Top Story of the Week:
Is It Time to Start Your Business?
Copyright © 2020
By John Hauck
Okay—you’ve had this idea of what you could do that nobody else seems to be doing and you think it will make you rich, your own boss, and serve an unfulfilled need in the marketplace. But you don’t know where to start. You’re lucky if you live in Michigan.
So our little spot in Southeast Michigan has become noticed, no?
BUT WHAT ABOUT TIMING?
From “bbc Entrepreneurial Training and Consulting” [June 29, 2020 Newsletter]:
“Some of the world’s best companies were founded in the worst times. More than half of the Fortune 500 companies were started in a recession or a bear market, according to a 2009 study by the Kauffman Foundation. The list of companies includes such household names as General Electric, General Motors, IBM, Hyatt Hotels, Hewlett Packard, Microsoft, Disney, Toyota and IBM. Successful startups such as Airbnb began during the 2008 global financial crisis.”
Now is as bad a time as any, which is potentially a good thing. According to Eric Ries, whose 2011 book, The Lean Startup, has sold over 1 million copies worldwide, says that economic downturns are, in fact, the best times to embark on a new business.
“The best time to be an entrepreneur is when everyone is running for the exits. So yeah, it’s about to be a great time to be an entrepreneur,” said Ries. “When things aren’t going well in the economy it tends to leave holes that entrepreneurs with the right vision can fill.”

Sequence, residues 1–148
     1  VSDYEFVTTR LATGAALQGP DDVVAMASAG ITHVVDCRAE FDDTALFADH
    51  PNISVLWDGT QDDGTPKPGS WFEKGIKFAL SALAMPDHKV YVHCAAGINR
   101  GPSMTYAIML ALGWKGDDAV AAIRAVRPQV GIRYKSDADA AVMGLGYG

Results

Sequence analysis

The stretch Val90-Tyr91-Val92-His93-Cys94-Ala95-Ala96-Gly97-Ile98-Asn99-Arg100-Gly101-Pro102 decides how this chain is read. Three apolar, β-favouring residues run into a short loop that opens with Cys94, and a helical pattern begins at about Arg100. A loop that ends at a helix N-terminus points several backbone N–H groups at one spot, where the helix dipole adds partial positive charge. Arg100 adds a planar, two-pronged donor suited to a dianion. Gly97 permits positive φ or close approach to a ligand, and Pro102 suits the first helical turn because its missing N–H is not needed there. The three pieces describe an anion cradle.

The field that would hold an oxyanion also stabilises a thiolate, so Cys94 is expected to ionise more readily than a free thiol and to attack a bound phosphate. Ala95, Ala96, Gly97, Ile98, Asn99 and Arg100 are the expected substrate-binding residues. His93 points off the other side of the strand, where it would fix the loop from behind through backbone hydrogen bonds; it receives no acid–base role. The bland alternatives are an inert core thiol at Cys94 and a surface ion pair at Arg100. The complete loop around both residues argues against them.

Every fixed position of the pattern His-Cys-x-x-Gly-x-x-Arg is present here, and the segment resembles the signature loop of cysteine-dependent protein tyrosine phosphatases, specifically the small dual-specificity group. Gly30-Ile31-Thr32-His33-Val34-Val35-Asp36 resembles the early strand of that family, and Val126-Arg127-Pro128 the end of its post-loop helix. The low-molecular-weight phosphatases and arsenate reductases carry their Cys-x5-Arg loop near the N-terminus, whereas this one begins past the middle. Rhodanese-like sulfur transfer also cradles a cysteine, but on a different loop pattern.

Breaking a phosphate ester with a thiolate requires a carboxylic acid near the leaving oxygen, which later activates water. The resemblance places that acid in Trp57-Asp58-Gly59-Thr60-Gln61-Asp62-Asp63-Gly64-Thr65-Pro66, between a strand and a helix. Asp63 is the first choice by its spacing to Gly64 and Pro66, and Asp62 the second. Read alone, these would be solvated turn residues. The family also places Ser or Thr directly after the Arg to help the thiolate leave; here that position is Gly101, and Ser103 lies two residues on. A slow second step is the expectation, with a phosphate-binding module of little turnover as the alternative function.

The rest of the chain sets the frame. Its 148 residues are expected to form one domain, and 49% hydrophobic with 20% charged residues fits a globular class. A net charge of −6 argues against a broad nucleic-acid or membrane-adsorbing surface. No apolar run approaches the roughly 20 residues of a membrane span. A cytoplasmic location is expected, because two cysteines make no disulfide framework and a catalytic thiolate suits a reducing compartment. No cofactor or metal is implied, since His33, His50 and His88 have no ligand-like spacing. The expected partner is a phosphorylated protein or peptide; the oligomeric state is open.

Forget your business plan. Before you spend your life savings, your 401(k), and your inheritance it is imperative that you find out that your product/service/invention/idea has a market. Yes, there is wishful thinking, (“this is better than sliced bread!”), and you know you will make a fortune if you can just put all the pieces of the puzzle in place. But did you ask anybody, “Would you buy this?” And, most importantly, “What would you pay for it?”. Those are the two pivotal factors you have to address before you invest “time, energy and/or effort for future advantage or gain…” [Webster’s Dictionary definition of investing]
To determine if your business is going to be worthy of future effort you have to present your idea to no less than 100 prospective buyers. You must tell them what you are offering and, most importantly, ask them what they would pay you. If it costs you $10 to produce and your prospective buyers say they will pay you $5, then you have saved yourself much grief -- notably time, money and effort.
Several Government agencies utilize an “i-corps” program to help university programs commercialize their idea. The most intensive part of this program is the “customer discovery” process, where these teams have 2 weeks to interview/discuss their proposal/idea with 100 prospective customers/buyers. Stories abound that begin with, “I was ready to invest my life savings…until I learned that nobody was as passionate as me, and nobody would buy what I wanted to sell…”
DO YOUR CUSTOMER DISCOVERY!!
If you have any questions or comments please contact John at firstname.lastname@example.org.
Look for part two next week.